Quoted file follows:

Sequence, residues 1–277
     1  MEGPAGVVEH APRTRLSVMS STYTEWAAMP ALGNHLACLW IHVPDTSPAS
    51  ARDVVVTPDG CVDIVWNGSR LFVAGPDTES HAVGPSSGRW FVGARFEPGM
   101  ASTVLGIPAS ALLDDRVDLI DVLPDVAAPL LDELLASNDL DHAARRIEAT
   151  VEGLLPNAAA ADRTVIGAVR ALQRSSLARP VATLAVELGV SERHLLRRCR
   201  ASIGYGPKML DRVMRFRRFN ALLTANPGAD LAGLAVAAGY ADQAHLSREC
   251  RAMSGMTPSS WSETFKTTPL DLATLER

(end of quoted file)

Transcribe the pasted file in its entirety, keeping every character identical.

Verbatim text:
Sequence, residues 1–277
     1  MEGPAGVVEH APRTRLSVMS STYTEWAAMP ALGNHLACLW IHVPDTSPAS
    51  ARDVVVTPDG CVDIVWNGSR LFVAGPDTES HAVGPSSGRW FVGARFEPGM
   101  ASTVLGIPAS ALLDDRVDLI DVLPDVAAPL LDELLASNDL DHAARRIEAT
   151  VEGLLPNAAA ADRTVIGAVR ALQRSSLARP VATLAVELGV SERHLLRRCR
   201  ASIGYGPKML DRVMRFRRFN ALLTANPGAD LAGLAVAAGY ADQAHLSREC
   251  RAMSGMTPSS WSETFKTTPL DLATLER